Hope's Corner: It's Only Christmas

"I have no siblings...Holidays are sometimes a challenge for onlies," writes Jackie Hope.

Jackie Hope BW.jpg
Jackie Hope is the longest running Dickinson Press contributor and columnist. Hope's Corner is a weekly humorous column with a message of hope.
Contributed / For The Dickinson Press
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There are many, many advantages to being an only child. Especially at Christmastime. Every single toy that Santa leaves under the Christmas tree is yours. So are all the packages of underwear and socks. But, hey, socks are cool.

There are always enough pieces of cake and pie for you to have seconds. There are always leftover cookies in the freezer. If you want two hot dogs, you can have two hot dogs. You always have a bedroom to yourself. And nobody reads your diary.

You get all your mom’s and dad’s attention. They are always available to help with homework. And your dad teaches you how to drive the family car – ours was an aged Chrysler Imperial with fins! – because your mom hates to drive.

Of course, there are a few minor downsides, too. Like when you forget to shut the door to the hamsters' cage and the little guys get out. And your mom finds one in the laundry room doorway at 6:00 in the morning. You can tell her that they learned to open the door by themselves, but you cannot blame it on a younger sibling.

From that Great Escape Day onward, my mom put a tiny padlock on the door to my hamsters’ cage. And, by the way, the other hamster crawled in bed with me that night and slept on my pillow.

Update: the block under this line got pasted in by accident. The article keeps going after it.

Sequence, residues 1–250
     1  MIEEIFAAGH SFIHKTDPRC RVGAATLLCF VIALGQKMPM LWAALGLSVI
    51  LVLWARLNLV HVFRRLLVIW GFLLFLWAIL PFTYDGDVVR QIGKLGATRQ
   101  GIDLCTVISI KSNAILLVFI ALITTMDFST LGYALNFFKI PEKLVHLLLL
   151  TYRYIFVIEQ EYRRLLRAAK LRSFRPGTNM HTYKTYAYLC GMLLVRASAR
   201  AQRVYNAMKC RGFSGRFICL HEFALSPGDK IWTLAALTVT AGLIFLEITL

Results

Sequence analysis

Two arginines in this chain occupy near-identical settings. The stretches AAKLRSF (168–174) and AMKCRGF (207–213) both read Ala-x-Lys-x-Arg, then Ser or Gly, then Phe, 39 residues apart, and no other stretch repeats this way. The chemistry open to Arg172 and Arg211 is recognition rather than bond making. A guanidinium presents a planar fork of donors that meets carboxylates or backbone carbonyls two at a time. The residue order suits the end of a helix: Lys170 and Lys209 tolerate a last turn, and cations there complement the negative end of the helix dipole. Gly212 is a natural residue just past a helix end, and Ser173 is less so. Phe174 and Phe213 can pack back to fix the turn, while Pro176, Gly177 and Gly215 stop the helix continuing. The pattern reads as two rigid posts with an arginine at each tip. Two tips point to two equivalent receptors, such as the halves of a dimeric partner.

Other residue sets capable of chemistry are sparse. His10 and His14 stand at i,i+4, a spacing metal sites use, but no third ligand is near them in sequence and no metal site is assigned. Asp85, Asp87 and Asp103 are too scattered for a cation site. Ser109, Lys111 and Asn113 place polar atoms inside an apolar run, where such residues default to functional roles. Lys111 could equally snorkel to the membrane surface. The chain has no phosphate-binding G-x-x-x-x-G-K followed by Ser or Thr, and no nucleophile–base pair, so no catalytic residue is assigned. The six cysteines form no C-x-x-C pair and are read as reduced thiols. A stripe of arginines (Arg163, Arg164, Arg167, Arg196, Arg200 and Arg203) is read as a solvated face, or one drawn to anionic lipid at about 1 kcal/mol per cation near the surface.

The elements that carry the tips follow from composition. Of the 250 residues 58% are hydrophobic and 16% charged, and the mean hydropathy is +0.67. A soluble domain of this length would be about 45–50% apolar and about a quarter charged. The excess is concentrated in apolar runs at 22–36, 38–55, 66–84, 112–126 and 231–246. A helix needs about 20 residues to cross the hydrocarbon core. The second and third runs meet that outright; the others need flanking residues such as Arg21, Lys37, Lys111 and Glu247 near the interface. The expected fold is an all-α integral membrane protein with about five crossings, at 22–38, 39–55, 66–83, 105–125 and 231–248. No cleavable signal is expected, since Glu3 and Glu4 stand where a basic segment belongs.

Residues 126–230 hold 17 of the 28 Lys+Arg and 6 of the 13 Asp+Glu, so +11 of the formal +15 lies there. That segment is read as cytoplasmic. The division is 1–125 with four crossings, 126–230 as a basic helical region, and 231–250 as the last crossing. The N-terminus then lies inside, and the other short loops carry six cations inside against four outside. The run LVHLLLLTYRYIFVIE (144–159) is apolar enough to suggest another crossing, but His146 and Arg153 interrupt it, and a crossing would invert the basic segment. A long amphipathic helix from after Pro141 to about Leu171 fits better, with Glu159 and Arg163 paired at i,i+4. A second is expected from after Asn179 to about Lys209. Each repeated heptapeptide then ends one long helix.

When anything gets broken, and your mom asks, “Who did this?” you can only blame the dog a few times. Especially when something like particularly interesting collectible salt and pepper shakers get pulled off a high curio shelf. Because you were only wanting to touch them just a little bit.

After the third or fourth mishap, I asked my mom for a cat, to cover that type of accident, should it happen again. We did not get a cat. We did have numerous more accidents with the salt and pepper shakers. Little Red Riding Hood was totally held together by adhesive tape by the time I entered first grade.

You never get games for Christmas, because there is only you. The first time I got to play Monopoly, I was so enthralled that I refused to leave Annie’s house. I think she let me win, so her family could finally have dinner and go to bed. From then on Annie and I made sure each play date ended in a sleepover.

Now, imagine being an only child who has a birthday three days after Christmas. Today, in fact. Birthday parties for Christmas kids are hit or miss, because many of your friends are away visiting relatives.

Everyone in your family, except you, has eaten so many Christmas goodies that the thought of a birthday cake makes all your cousins cringe. Your elderly aunts and uncles give you a gift – usually socks – at Christmas and say, “This is for your birthday, too.”

Luckily, to this day, I purely love socks. And donuts. Nobody ever gave me donuts for my birthday, though. Yet.

Jackie Hope is the longest running Dickinson Press contributor and columnist. "Hope's Corner" is a weekly humorous column centered on a message of hope for residents in southwest North Dakota.

This column does not necessarily reflect the opinion of The Dickinson Press, nor Forum ownership.

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